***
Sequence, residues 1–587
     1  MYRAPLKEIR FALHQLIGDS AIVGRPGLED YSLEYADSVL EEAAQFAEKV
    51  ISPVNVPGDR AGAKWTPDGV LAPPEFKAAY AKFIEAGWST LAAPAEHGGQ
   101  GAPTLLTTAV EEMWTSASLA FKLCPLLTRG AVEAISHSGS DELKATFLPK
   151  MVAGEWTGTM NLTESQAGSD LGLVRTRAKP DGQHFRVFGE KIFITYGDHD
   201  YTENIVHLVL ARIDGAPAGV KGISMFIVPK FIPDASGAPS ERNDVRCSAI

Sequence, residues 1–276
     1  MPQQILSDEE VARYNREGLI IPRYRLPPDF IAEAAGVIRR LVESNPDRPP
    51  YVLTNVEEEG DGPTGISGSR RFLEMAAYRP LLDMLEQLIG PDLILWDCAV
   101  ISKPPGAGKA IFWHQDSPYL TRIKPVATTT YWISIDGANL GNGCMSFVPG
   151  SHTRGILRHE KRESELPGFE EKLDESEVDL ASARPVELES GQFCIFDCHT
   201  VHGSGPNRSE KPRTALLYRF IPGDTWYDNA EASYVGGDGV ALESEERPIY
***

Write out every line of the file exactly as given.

Sequence, residues 1–587
     1  MYRAPLKEIR FALHQLIGDS AIVGRPGLED YSLEYADSVL EEAAQFAEKV
    51  ISPVNVPGDR AGAKWTPDGV LAPPEFKAAY AKFIEAGWST LAAPAEHGGQ
   101  GAPTLLTTAV EEMWTSASLA FKLCPLLTRG AVEAISHSGS DELKATFLPK
   151  MVAGEWTGTM NLTESQAGSD LGLVRTRAKP DGQHFRVFGE KIFITYGDHD
   201  YTENIVHLVL ARIDGAPAGV KGISMFIVPK FIPDASGAPS ERNDVRCSAI

Sequence, residues 1–276
     1  MPQQILSDEE VARYNREGLI IPRYRLPPDF IAEAAGVIRR LVESNPDRPP
    51  YVLTNVEEEG DGPTGISGSR RFLEMAAYRP LLDMLEQLIG PDLILWDCAV
   101  ISKPPGAGKA IFWHQDSPYL TRIKPVATTT YWISIDGANL GNGCMSFVPG
   151  SHTRGILRHE KRESELPGFE EKLDESEVDL ASARPVELES GQFCIFDCHT
   201  VHGSGPNRSE KPRTALLYRF IPGDTWYDNA EASYVGGDGV ALESEERPIY